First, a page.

After I found out last week that Sunday’s solar eclipse would be visible from Montana, I was stoked. Even though I didn’t have any of the specialty equipment necessary for viewing the event directly, I really, really wanted to see — and photograph — the crescent-shaped shadows that were supposed to accompany the eclipse.

And then the clouds rolled in.

I tried to stay positive, keeping my hope alive by telling myself that the thick blanket of cloud-cover could move out of the Missoula Valley just as quickly as it moved in, but my efforts went unrewarded.

The minutes ticked by, and 7:20 p.m. — which, according to scientists, was the peak time for viewing the eclipse — came and went without a single break in those stupid clouds.

I can’t say that it was a total surprise. It’s not the first time the weather has ruined my opportunity to see something magnificent. In sixth grade, my family stopped at Mount Rushmore on the way back from a family vacation, and the entire mountain was covered by a low cloud.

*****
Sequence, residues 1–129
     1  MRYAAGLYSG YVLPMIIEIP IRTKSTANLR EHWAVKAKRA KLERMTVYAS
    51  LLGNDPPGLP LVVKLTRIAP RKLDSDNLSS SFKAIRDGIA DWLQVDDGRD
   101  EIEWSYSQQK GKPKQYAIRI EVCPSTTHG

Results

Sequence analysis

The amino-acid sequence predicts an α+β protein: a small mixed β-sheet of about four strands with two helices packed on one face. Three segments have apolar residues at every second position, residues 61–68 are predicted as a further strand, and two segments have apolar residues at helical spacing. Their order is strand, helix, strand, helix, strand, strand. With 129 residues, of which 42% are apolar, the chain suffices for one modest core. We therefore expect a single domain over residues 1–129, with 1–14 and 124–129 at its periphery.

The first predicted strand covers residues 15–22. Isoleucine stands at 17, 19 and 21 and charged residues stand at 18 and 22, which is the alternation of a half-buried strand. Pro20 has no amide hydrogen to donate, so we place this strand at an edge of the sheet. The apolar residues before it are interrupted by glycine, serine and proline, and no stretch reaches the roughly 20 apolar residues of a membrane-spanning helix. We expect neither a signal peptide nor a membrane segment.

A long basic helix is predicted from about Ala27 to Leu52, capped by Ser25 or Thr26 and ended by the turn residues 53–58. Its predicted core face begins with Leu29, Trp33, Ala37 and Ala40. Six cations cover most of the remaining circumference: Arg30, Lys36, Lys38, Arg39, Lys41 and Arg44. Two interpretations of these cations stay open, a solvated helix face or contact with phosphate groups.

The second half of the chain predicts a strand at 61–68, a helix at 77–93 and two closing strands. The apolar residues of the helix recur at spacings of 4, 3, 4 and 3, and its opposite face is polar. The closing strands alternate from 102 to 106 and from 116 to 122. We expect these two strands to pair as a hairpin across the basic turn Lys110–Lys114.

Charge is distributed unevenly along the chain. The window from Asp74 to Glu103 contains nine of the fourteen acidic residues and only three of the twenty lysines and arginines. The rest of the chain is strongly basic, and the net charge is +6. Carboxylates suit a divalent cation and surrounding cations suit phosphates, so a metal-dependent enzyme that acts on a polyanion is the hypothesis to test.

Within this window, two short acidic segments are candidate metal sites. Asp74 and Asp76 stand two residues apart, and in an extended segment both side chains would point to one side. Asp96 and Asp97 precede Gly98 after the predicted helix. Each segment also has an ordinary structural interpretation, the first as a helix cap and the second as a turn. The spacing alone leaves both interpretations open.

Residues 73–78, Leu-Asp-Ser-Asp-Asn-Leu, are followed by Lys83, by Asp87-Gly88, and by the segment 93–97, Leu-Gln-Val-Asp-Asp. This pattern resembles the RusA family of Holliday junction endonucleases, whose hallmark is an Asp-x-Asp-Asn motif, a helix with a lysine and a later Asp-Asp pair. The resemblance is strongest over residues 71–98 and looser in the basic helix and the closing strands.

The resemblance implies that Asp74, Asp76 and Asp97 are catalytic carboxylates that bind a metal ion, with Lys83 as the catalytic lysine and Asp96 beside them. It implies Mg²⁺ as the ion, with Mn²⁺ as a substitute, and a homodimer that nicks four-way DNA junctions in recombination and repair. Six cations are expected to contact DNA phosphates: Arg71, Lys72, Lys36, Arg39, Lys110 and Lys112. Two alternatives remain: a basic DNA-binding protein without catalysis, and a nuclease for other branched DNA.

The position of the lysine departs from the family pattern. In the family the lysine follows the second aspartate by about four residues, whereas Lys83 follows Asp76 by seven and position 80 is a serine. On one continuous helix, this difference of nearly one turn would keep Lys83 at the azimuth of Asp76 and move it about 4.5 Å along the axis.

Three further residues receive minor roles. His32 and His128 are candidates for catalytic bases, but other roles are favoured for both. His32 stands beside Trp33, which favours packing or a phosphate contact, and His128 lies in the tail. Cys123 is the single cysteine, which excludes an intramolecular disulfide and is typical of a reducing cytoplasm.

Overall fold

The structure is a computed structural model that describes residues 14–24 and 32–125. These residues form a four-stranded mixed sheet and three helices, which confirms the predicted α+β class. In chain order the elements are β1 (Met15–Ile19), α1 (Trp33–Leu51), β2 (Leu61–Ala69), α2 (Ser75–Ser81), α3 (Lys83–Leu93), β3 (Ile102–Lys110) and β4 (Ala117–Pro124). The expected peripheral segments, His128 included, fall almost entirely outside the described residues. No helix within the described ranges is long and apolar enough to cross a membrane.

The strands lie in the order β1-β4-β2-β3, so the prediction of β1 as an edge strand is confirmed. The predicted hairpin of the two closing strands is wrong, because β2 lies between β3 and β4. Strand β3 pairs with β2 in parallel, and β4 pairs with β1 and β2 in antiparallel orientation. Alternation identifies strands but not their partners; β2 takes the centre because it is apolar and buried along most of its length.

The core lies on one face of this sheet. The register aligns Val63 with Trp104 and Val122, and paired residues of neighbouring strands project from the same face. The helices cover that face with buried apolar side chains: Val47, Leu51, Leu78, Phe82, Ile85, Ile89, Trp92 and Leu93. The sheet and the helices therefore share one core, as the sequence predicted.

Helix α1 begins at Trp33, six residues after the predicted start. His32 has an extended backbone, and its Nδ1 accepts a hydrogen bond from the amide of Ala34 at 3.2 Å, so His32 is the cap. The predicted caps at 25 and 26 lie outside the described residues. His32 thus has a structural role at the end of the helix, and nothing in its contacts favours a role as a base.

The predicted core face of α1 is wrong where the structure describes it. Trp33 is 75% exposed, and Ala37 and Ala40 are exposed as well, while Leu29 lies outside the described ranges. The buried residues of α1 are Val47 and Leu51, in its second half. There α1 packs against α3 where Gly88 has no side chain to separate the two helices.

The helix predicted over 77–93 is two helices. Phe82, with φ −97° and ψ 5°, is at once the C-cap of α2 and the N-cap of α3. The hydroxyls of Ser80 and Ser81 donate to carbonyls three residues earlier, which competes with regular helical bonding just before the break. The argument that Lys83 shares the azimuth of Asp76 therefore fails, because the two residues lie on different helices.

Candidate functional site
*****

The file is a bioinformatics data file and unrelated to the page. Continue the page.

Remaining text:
But I digress — back to the eclipse. The sun finally popped out a little past 8 p.m., but by then the sun was so low that there were no shadows to be seen beneath any of the trees in my immediate vicinity. So I set out to find a tree that was being hit by the sun, completely disregarding things like fences and property lines because I was on a mission, darn it.

As fate would have it, my efforts were in vain. Though I heard reports that the eclipse was visible in the Bitterroot and other areas outside of Missoula, I didn’t see a single crescent-shaped sunbeam.

Oh well — there’s supposed to be a total solar eclipse visible from Montana in about 32 years, so at least I have something to look forward to.

Brooke is a 2010 graduate of The University of Montana, where she ran track and cross country for the Grizzlies. She is currently working as a writer and editor in Missoula.